Limitarianism: academic essays

by Ingrid Robeyns on August 28, 2023

Over the last year, I’ve been working on a trade book on limitarianism (USA, UK, NL), on an edited volume on pluralism in political philosophy by bringing various (including ‘non-western’) perspectives together around questions of economic and ecological inequalities (forthcoming with OUP but not quite there yet), and on an edited academic volume with political philosophy papers on limitarianism.

Perhaps not surprisingly, I strongly advice anyone not to follow that example: one book to work on is already more than enough to concentrate on. The circumstances that created this situation in which I found myself editing two books and writing a third one are probably rather rare – trying to deliver outcomes promised in a grant application against the background of a pandemic, combined with some significant professional disruptions beyond my control etc. But while I felt like a juggler for some time, the good news is that the first and the third are now done (though the trade book is not out in English before February 1st), and I’m happy to share with you the link to the open access, hence free to download, book with academic philosophical papers on limitarianism. It’s a combination of reprints and new material, and the essays generally assume some background knowledge in contemporary normative political philosophy. I’m hoping this will be interesting for students and scholars of the philosophy of distributive justice, and related areas. Also, the entire volume is currently being translated into Spanish, and will also be published Open Access before too long. The trade book – although very broadly on the same topic, is a very different beast, about which more some other time.



engels 08.28.23 at 11:04 pm

Looks very interesting! Although it looks like you define this with reference to wealth, you may be aware upper earnings limits were recently a political issue in UK: proposed by Corbyn and, predictably, dismissed by establishment economists (and, more surprisingly, the Greens).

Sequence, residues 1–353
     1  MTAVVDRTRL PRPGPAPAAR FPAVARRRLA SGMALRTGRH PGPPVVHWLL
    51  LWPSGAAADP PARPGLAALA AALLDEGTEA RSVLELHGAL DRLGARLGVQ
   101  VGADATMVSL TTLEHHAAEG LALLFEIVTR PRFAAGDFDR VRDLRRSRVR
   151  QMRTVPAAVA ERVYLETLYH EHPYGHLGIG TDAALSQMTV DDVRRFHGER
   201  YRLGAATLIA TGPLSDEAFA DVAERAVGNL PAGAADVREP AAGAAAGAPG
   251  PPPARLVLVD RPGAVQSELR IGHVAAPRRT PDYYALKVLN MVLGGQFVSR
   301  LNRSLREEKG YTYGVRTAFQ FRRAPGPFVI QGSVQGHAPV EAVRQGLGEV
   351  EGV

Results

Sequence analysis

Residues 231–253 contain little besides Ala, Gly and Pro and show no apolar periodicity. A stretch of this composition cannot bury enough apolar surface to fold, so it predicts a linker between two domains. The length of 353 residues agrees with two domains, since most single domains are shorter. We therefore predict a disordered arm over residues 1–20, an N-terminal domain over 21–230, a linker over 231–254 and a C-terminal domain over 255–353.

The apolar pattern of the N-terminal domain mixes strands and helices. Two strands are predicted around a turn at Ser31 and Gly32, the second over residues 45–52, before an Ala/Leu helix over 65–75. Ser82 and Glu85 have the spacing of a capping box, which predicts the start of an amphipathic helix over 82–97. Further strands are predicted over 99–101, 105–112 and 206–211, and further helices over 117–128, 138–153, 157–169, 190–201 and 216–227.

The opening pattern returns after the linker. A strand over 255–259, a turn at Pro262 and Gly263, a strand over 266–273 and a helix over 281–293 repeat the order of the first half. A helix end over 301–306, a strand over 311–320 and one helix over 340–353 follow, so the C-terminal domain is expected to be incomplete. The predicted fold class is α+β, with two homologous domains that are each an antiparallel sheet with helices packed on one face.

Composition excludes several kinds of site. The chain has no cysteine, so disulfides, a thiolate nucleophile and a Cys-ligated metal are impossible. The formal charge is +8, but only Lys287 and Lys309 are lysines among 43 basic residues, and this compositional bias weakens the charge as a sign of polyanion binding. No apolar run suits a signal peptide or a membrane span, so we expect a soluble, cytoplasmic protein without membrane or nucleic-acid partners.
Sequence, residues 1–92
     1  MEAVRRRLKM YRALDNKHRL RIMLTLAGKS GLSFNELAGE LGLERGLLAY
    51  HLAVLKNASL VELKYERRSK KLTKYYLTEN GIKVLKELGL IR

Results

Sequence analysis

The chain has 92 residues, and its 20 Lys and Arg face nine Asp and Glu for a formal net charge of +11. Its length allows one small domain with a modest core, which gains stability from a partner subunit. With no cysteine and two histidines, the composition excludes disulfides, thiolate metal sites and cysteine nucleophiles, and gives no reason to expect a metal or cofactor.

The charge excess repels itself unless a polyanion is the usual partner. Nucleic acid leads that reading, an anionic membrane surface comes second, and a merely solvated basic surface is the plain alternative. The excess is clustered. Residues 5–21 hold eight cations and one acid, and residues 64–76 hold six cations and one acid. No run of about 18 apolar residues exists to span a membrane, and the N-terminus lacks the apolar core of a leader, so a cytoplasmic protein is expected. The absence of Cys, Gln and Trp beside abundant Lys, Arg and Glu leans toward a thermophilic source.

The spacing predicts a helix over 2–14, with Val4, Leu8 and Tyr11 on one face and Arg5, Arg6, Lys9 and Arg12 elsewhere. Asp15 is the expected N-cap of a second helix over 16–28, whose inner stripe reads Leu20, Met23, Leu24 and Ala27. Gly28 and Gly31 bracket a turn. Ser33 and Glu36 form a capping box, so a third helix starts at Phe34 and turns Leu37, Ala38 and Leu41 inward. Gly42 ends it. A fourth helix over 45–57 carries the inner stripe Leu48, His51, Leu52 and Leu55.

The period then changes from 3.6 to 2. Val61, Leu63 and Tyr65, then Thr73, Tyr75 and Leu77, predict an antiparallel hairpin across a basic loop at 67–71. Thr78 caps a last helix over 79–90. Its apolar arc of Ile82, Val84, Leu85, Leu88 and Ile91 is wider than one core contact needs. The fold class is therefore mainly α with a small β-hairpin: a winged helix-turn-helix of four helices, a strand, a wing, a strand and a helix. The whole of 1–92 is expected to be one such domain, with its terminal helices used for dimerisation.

Ingrid Robeyns 08.29.23 at 8:14 pm

Engels @1 – yes, there have been more proposals on having a maximum wage (Sam Pizzigati discusses some, including the Swiss referndum, in his book with that title), but I didn’t know the Greens opposed it. We do have a maximum wage in the Netherlands for a certain group – the highest level executives in the public sector, or public-sector-like organisations like universities, cannot earn more than the prime minister. So no situations in the Netherlands with vice-chancellors earning millions or more. I don’t think that’s a bad thing. But the real economic inequalities at the top are in assets and income from assets/capital, not in labour income, so there’s little point focussing only or excessively on labour income.


hix 08.31.23 at 1:23 pm

Thanks, already on my ebookreader. Realistically, while i could get it for free anyway from the University library as a pdf, i´d be one case that would be to lazy to get it from there.

Not sure reading it is a wise choice however (and i tend to read everything once it does arrive on my ebook reader) i´ll probably agree for the most part, know more details, think about it and just get more angry for a while with no hope to change anything.


Ingrid Robeyns 09.04.23 at 3:37 pm

@hix – I’m sorry to say that the trade book will be much worse in terms of making people angry (except though if you already read a lot of this stuff on inequalities and economic oppressions/exploitation/unfairness, there might not be much new in it). This book is fairly technical and dry philosophical stuff, very much detached from empirical content, and that somehow makes it possible for us, philosophers, to forget about how horrible the empirical reality behind these abstract theoretical constructs is…

Also, I wish I was able to read everything that I download! I download a lot, but miserably fail to read all the books/articles that I download, even the ones that I buy and/or receive as presents… :-(

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